Transcript of remarks by President Debora Spar at Commencement 2013.
Good afternoon—it is bordering on good evening. It is a pleasure and a privilege to be here with you today, and to celebrate Barnard College’s Class of 2013
One is tempted—in this spectacular and historic space—to indulge in just the briefest, the smallest, hint of a high kick. But one will resist.
And turn instead to our standard stock in trade. The word. Pondered, written, and then spoken aloud before an assembled group of students.
You may not know this—indeed there is really no reason why you should know this—but the Class of 2013 has been particularly important to me.
Because I knew this class—knew many of you seated here today—before you even really became this class. I knew many of you, on paper at least, from the moment you began contemplating a possible place for Barnard in your future. I knew you as you became the first crop of Early Decision students who were admitted during my time at the College. Knew you as you applied in December, and were admitted in March, and agonized over your choices in April, and finally arrived—nervous, and excited, and clutching duvets and potted plants and rolls of neatly (or not so neatly) rolled socks—on the sidewalk of 116th Street and Broadway.
I knew your class as you sat in convocation on a hot Sunday evening in August—nervous and excited again—and met for the first time as the Class of 2013. I told you then that the next time I would see you all assembled as a full class would be on the day of your graduation, only four short years away. You didn’t quite believe me then, or at least you couldn’t quite ponder a future so fuzzy and so distant. But now we are here. And you are graduating. And I will miss you.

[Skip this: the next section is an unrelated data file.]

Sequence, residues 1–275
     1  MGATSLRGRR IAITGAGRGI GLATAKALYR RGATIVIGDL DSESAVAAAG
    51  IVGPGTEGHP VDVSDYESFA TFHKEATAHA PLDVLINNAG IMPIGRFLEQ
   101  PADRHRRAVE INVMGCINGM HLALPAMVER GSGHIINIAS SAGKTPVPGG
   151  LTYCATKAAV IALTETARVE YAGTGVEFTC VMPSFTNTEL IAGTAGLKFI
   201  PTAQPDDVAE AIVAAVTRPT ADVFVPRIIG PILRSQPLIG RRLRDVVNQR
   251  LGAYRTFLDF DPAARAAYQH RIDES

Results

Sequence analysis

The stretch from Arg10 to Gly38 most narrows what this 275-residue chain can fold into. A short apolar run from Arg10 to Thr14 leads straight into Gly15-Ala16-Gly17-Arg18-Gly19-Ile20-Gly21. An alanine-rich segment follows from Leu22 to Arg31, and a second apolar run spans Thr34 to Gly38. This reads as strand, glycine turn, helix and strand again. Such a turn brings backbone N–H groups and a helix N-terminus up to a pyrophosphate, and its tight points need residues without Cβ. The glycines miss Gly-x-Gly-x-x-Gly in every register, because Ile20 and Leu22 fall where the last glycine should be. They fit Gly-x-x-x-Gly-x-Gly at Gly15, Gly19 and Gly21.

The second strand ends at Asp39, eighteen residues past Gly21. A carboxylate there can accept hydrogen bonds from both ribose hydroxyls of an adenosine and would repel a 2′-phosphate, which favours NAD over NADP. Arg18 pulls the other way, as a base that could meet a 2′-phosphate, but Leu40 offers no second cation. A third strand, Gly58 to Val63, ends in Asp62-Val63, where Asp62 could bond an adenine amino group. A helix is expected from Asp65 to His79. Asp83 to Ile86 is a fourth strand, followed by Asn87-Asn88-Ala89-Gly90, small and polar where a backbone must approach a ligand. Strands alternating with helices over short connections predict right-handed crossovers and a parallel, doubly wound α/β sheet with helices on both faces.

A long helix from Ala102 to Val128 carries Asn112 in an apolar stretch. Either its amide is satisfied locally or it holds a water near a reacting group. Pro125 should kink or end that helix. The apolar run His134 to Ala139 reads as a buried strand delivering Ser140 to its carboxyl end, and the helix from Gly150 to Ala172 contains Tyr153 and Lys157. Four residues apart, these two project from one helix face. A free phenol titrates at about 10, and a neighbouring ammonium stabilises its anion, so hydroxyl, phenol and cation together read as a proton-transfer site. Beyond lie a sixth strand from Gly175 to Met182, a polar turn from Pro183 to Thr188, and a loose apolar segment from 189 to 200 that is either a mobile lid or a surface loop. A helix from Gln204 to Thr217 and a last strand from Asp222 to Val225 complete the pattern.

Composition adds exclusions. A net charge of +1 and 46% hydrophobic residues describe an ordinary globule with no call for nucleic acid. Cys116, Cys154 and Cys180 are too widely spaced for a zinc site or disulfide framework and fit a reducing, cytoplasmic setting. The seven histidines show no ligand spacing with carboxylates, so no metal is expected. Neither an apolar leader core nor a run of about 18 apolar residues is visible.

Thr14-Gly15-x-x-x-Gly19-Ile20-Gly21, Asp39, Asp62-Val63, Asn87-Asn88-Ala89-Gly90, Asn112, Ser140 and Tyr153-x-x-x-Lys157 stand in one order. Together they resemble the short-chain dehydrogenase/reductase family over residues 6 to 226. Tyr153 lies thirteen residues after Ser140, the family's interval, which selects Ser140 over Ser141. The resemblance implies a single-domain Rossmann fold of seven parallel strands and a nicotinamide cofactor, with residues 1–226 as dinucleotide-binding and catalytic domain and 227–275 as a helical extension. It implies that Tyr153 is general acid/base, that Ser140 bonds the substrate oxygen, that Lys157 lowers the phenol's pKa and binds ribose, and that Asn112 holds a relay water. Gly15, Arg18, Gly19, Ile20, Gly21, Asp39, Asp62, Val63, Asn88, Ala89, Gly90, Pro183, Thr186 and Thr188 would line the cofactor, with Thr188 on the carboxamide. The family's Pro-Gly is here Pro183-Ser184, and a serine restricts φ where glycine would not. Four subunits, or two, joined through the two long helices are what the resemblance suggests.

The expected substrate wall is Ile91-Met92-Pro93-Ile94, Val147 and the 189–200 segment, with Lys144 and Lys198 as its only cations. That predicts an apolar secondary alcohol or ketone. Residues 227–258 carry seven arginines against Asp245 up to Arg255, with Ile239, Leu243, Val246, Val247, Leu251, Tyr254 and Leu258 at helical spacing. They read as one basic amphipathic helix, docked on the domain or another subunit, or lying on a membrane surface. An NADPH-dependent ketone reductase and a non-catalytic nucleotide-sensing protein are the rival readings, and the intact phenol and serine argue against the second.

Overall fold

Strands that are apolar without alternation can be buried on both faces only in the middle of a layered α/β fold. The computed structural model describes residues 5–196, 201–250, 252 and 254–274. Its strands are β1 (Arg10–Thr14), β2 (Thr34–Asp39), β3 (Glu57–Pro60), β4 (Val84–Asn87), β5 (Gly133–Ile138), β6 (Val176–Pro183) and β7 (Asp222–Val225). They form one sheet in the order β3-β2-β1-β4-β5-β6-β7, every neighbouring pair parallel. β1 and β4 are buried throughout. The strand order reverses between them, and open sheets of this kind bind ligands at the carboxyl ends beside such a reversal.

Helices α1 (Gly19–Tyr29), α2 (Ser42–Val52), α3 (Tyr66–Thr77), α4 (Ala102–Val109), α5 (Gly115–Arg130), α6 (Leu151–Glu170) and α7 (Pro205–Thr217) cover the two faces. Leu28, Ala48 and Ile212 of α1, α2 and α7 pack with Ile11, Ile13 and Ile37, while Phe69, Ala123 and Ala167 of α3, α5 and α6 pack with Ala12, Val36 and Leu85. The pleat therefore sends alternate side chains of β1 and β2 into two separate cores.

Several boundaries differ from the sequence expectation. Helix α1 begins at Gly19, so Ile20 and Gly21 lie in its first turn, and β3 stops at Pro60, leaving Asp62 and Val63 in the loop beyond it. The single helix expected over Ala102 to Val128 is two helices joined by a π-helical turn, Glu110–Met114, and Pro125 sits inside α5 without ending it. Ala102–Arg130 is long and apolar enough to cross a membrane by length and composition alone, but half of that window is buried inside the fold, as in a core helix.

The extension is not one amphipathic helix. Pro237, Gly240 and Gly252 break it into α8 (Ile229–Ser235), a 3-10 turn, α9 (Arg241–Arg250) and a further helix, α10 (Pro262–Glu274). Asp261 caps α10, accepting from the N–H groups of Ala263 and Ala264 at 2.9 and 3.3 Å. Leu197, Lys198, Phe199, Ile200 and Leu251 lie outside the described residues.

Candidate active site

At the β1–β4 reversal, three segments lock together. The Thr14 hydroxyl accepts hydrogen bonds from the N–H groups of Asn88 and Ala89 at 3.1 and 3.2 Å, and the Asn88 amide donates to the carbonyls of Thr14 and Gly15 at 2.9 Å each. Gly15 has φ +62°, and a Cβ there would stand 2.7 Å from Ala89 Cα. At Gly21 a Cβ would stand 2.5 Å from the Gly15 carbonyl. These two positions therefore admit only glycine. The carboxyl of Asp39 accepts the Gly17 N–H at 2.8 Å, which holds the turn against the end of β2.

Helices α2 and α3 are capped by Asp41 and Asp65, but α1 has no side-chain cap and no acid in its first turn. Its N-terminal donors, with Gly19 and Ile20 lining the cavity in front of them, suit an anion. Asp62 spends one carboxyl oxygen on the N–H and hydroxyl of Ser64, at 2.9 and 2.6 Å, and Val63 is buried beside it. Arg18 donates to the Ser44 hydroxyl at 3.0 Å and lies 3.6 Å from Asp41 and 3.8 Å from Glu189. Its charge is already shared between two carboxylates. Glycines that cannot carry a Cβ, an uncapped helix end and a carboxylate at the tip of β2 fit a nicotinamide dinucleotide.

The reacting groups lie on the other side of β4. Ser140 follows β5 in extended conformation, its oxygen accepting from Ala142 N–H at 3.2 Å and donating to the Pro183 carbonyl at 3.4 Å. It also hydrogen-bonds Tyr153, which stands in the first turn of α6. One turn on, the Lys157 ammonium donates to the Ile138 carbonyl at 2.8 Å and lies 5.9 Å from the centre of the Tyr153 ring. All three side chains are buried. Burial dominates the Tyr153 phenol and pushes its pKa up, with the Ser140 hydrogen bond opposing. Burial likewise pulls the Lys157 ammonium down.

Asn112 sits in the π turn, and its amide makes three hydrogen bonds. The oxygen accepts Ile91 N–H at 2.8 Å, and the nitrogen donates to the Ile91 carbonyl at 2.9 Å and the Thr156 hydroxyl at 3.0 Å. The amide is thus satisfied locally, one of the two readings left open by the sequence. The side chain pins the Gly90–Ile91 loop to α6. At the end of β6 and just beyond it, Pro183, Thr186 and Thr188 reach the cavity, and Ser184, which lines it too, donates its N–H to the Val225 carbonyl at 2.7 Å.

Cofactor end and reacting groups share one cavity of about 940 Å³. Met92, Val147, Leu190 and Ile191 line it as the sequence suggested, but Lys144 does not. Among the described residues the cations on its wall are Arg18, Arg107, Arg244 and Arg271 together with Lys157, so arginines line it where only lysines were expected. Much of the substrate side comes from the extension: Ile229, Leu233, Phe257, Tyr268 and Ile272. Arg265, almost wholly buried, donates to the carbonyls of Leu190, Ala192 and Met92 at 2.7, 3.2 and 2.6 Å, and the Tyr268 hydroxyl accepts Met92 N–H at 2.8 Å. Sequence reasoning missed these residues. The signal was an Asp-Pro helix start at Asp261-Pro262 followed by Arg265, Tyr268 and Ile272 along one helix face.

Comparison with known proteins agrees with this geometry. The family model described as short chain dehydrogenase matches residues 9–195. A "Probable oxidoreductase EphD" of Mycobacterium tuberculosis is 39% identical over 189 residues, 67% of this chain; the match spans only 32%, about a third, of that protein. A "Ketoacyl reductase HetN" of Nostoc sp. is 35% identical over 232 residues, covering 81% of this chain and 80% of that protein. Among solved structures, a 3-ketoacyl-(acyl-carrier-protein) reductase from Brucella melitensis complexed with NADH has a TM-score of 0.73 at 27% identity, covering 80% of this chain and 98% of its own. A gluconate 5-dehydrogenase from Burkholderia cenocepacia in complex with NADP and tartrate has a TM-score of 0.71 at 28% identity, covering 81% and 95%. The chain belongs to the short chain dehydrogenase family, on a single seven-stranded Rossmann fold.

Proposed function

Today as I’m sure you know, is a moment of celebration. But it is also a time for reflection; for a bit of nostalgia; and for contemplating—with joy, or terror, or at least a healthy dose of adrenaline—what lies ahead.
It is this last part—this looking-into-the-future part from the perch of a single and singular day—that tends to dominate and define commencement addresses. Indeed, as nearly all media commentators tend to note around this time of year, commencement is a moment for old people to peer out at a sea of young people and give them advice they probably won’t remember about how to live their lives. Present company excepted. But personally, I generally try to stay away from the advice business at the moment of commencement. There’s too much pressure, and there is too much else on everyone’s minds.
But this year, particularly at a place like Barnard, it feels somewhat different. Because young women have been bombarded with advice this year. Some good, some not so good, most of it deeply contradictory.
Simultaneously, you have all been told to lean in, or lean out. To opt in, or opt out. To give in, give up, or go for everything—at least as long as that includes graduate school, followed by a high-powered and intellectually fulfilling job, a romantic and personally fulfilling relationship, hobbies, philanthropic work, friends, exercise, 2.5 children, and a dog.
It is, as I’m sure you know, a cacophony of choices. An exhaustion of expectations.
So what, then, to borrow Lenin’s phrase, is to be done?